HomeProject InformationPhD candidate: Danica Pawlick-Potts

PhD candidate: Danica Pawlick-Potts

Creating a research road-map: Indigenous researcher Danica Pawlick-Potts reflects on the significance and spirit of the Smoke Signals radio archive

June, 2020

When Danica Pawlick-Potts embarked on her post-graduate studies at Western’s Faculty of Information and Media Studies, she had no idea she would eventually be working on an effort to preserve an Indigenous radio program.

Pawlick-Potts, a graduate of the Master of Library and Information Science (MLIS) program at Western, is a research assistant with the Smoke Signals project, and has been involved from the very beginning.

photo Danica Pawlick-Potts“It was very serendipitous,” she said, explaining how her involvement with the archive began in her first year as a PhD student. She was helping to develop a new MLIS course focused on Indigenous issues when, in the midst of that work, the team learned about a collection of tapes documenting the long-running Smoke Signals radio program.

That collection would inspire the archive project, which Pawlick-Potts officially joined in 2019 after being awarded a FIMS Research Scholarship.

While working on the Smoke Signals project seemed like a natural step for Pawlick-Potts, it also shows the breadth of her research interests. It’s certainly a departure from her own PhD research, which examines the relationship between humans and artificial intelligence. The Smoke Signals project is a chance to let her mind go somewhere entirely different, she explained. It’s also a bit more personal.

Pawlick-Potts is originally from western Canada, and although she grew up in the city, her family has ties to the Alexis Nakota Sioux Nation in northern Alberta. She is part Stoney and part Cree, on her fathers’ side. The Smoke Signals project has been an opportunity to build on her connection to her Indigenous roots.

“I do feel like it’s very rewarding to kind of do this work both to learn more and be exposed to more culture and knowledge,” she said, adding that it’s also gratifying to work on a project that is committed to honouring Indigenous culture, and conducting research in a respectful way.

One of the defining characteristics of the project, she explained, is its commitment to creating an archive that truly reflects Indigenous ways of knowing. The team is not simply employing Western archival practices “and kind of shoving the Smoke Signals radio shows […] into that box,” she said.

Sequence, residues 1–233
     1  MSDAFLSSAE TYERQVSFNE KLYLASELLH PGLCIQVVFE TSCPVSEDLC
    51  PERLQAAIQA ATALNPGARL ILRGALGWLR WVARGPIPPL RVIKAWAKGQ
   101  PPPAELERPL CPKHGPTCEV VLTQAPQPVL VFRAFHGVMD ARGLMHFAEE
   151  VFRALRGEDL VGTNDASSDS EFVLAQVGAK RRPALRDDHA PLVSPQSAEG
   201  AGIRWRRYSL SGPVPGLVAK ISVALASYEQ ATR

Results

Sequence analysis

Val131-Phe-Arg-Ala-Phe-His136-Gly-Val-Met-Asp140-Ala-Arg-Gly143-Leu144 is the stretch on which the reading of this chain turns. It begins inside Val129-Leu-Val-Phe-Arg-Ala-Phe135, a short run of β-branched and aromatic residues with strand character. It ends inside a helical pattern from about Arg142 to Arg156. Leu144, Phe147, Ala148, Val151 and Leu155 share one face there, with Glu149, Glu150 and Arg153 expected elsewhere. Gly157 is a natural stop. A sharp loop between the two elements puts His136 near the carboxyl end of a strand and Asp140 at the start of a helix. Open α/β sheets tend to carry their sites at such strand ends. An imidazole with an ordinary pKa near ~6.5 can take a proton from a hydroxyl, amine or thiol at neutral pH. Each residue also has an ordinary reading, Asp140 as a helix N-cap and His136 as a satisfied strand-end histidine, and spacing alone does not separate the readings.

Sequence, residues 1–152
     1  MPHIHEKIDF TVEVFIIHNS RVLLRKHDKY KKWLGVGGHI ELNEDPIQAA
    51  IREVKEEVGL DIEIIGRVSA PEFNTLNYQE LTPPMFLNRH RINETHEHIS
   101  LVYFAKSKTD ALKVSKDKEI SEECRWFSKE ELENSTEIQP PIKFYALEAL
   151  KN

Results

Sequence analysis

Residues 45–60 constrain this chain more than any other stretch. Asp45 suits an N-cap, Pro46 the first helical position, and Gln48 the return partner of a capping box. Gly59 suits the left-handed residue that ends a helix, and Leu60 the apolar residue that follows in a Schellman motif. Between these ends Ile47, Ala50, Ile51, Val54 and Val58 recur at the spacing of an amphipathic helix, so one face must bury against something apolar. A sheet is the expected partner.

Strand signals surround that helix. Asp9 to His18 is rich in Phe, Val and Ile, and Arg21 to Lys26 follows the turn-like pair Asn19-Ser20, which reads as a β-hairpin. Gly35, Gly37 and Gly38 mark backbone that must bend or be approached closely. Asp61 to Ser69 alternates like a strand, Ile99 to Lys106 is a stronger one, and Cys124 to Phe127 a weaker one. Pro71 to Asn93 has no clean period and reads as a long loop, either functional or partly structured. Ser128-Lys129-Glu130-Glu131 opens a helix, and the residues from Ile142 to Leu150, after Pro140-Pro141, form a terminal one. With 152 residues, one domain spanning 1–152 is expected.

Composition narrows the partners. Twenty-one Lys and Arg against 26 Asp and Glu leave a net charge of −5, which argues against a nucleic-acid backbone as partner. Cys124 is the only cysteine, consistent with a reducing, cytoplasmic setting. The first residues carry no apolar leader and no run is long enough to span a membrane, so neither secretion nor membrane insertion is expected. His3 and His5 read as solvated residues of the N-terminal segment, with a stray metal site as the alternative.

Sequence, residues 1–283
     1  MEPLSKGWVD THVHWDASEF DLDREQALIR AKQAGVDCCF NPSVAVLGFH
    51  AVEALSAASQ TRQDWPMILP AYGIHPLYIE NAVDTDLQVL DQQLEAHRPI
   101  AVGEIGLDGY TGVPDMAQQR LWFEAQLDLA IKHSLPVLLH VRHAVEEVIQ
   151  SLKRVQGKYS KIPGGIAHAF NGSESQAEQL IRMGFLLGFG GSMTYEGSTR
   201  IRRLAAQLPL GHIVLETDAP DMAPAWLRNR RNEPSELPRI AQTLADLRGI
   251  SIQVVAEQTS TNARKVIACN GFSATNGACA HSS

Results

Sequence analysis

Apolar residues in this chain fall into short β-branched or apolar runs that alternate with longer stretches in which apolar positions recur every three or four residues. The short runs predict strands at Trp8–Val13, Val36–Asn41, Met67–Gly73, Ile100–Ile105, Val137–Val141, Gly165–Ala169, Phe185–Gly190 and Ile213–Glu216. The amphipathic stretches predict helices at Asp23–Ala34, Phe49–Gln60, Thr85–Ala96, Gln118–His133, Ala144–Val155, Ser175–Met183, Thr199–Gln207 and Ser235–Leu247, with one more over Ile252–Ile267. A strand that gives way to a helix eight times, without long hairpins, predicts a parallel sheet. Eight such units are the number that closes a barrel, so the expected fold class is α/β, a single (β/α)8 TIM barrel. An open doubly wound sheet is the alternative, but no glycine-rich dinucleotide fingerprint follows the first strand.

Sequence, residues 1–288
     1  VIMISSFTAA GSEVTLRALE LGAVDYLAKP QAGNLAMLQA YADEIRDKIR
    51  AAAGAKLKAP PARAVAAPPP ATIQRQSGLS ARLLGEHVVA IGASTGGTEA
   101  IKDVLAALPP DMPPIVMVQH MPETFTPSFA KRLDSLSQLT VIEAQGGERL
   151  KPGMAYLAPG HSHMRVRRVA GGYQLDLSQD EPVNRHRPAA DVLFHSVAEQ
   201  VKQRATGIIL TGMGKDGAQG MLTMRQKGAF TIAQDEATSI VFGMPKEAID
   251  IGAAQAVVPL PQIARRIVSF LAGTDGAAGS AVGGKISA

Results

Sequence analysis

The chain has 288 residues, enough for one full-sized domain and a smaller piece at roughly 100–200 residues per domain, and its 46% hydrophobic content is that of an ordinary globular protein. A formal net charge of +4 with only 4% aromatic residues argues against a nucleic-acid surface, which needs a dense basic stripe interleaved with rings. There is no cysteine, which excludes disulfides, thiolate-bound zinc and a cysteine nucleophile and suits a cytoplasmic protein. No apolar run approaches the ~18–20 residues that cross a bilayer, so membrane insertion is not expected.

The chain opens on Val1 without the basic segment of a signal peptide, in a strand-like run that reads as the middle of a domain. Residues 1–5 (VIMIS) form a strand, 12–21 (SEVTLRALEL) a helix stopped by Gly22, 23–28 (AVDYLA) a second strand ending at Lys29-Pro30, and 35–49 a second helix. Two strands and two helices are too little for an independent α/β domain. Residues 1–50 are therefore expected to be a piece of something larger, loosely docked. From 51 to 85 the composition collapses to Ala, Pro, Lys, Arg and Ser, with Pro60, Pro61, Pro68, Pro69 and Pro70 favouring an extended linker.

“We’re trying to make something that expresses the spirit of the show […] and trying to have the archive and the way it’s treated and displayed reflect that.”

That means consulting with the creators of the show, Dan and Mary Lou Smoke, at every step of the way.

“I think so far the most rewarding moments are when Dan and Mary Lou,” she said, “they’re just so excited with the work we’re doing and that this is happening and they’re just so excited that their show is going to be archived and shared with more people.”

“So that’s really rewarding in itself.”

The process of careful listening

After spending months sorting, and identifying the contents of the audio tapes associated with the Smoke Signals radio program, Danica and fellow student researcher Serena Mendizabal are now beginning to listen.

It’s an activity that goes far beyond simply putting on headphones, and pressing play. They’re taking note of every word, and transcribing as they go.

“Through that transcription process, you really engage in listening closely to what they’re saying and try to get as much out of it as you can,” Pawlick-Potts explained.

It’s a challenging and time consuming process. The program has welcomed hundreds of guests over the years, many of whom share words in their traditional languages which will need to be identified.

“It was really important to me and to us to kind of be respectful and identify those correctly and not just kind of gloss over [them],” she said.

While the transcription process may not be easy, it also forces the listener to slow down and demands full attention. The process of careful listening also reflects the oral traditions and storytelling that are so important in Indigenous culture, Pawlick-Potts noted.

A spirit of celebration

As for why it’s so important for those stories to be preserved, Pawlick-Potts points to a spirit of celebration and pride.

“A lot of the time in Canada when we talk about Indigenous peoples and Indigenous histories, it’s a lot of the atrocities and the struggling and the suffering that was inflicted on Indigenous peoples, and that’s really important,” she said.

“But something that Smoke Signals does is that it celebrates a lot of the accomplishments and the stories of different people and it really shows the positive aspects of the culture […] so I think preserving something like this is really important because it gives a window into that other aspect of history that I think a lot of Canadians aren’t exposed to that much normally.”

The team will face new challenges, she noted, as they move forward with the Smoke Signals project, and begin making more of the audio public. Few models exist for the archival preservation of an Indigenous radio show, so she knows they will be blazing a trail. And as they do so, they’ll be thinking about how best to display the archive in a way that continues to captures the true spirit of Smoke Signals.

“I feel like it is this really interesting, never-been-done-before kind of puzzle that we’re going to have to figure out,” she said. “So I’m just kind of excited to do that work.”